'El Mariachi': Pratfalls and stumbles in a tale of mistaken identity

September 10, 1993|By Scott Hettrick | Scott Hettrick,Contributing Writer Los Angeles Times Syndicate

EL MARIACHI

(Columbia TriStar, rated R) 1993

"El Mariachi" drew some attention at film festivals perhaps as much for its having been produced for a mere $7,000 by a film-school student as for its actual caliber or quality.

The film smacks of a film-school production, complete with jerky editing for effect rather than fluidity, attempts at laughs by speeding up the film, and slow-motion dream sequences that were probably needed to pad the running time (which is still only 81 minutes). Also, all the sound was dubbed later, making it sound like a foreign film that has been dubbed in English, except here the actors still speak in Spanish (there are English subtitles).

The thin plot involves a traveling guitar player (co-producer Carlos Gallardo) who wanders into a small Mexican town and is mistaken for a convict targeted for assassination by a drug lord.

But there are definite signs of talent in writer-director/co-producer Robert Rodriguez' action yarn. For one, he injects a well-timed sense of humor in what easily could have been simply a stream of graphic violence. An attractive bar owner who questions his identity springs in on him while he is bathing and pokes a letter opener under the water and between his legs, demanding that he sing her a love ballad to prove he is a musician.

Consequently, the result is a disarmingly amusing and inventive movie on the order of "Mad Max."

ALIVE

(Touchstone, rated R) 1993

There are many compelling elements about "Alive," a dramatization of the 1972 plane crash in the Andes Mountains involving a team of Uruguayan rugby players and their families and friends.

Of course, there's the crash itself, spectacularly depicted by director Frank Marshall, with a view from inside the plane when its rear half is ripped off as it scrapes the top of a ridge.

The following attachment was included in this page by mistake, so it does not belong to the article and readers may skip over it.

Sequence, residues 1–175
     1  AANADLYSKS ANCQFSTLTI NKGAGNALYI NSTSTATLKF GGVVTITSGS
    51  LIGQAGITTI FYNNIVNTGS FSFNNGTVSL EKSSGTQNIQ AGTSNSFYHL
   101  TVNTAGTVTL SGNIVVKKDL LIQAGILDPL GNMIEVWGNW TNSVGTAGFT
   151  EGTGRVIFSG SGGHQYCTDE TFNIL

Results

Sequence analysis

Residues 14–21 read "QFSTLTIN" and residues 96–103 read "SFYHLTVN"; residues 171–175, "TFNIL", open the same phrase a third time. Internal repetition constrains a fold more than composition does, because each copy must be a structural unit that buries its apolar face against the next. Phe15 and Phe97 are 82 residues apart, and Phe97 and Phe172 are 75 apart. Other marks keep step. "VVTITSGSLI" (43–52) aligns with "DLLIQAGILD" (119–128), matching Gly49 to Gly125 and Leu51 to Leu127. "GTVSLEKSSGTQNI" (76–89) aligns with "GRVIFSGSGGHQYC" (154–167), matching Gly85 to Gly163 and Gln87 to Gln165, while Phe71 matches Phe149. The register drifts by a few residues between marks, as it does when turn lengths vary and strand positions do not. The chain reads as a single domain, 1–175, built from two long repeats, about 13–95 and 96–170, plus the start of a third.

Then there's the cannibalism thing, for which the incident is best remembered. As days went by with no sign of rescue for the two dozen survivors (of the original 45 on board), it was decided that the only way to survive in the bitterly cold mountains was to eat the flesh of the dead passengers. This is without a doubt a gruesome and unsettling aspect, and Marshall doesn't soft-pedal the depiction at all. But he does manage to keep it in balance with the other elements, including a horrifying avalanche that buried the survivors inside the plane's fuselage, killing eight more.

But something is missing here. We never feel the sense of frustration, anguish, desperation and mental and physical exhaustion that must have been prevalent with each passing day of the unbelievably long, 72-day ordeal. Many of the survivors seem almost flippant about their situation.

Among the petty distractions is a lack of South American accents, which would have lent authenticity to the setting. From the action, it's difficult to gauge the passage of time, leaving the viewer shocked each time a new subtitle is flashed indicating the number of days gone by. And, it's hard to keep track of the survivors, both in terms of their identities and the number of them. Just when we think there are only a few left, the camera shows a group of about 20.

Based on Piers Paul Read's best-selling novel, Marshall's film takes a myopic viewpoint, putting the audience in the same predicament as the survivors in that we have no idea what is happening in terms of a rescue or the group's proximity to civilization. This is particularly frustrating when an airplane passes overhead and wags its wings in response to their frantic waving; however, we never learn why help wasn't sent. We also never learn what exactly caused the crash.

All these questions are adequately answered in the excellent (and in some ways superior) companion documentary produced by Marshall, "Alive: 20 Years Later" (Touchstone, $39.99). The 51-minute program features fascinating interviews with many of the survivors, and original photographs and film footage from the crash, the rescue and the subsequent media attention sparked by the revelation of cannibalism that took place.

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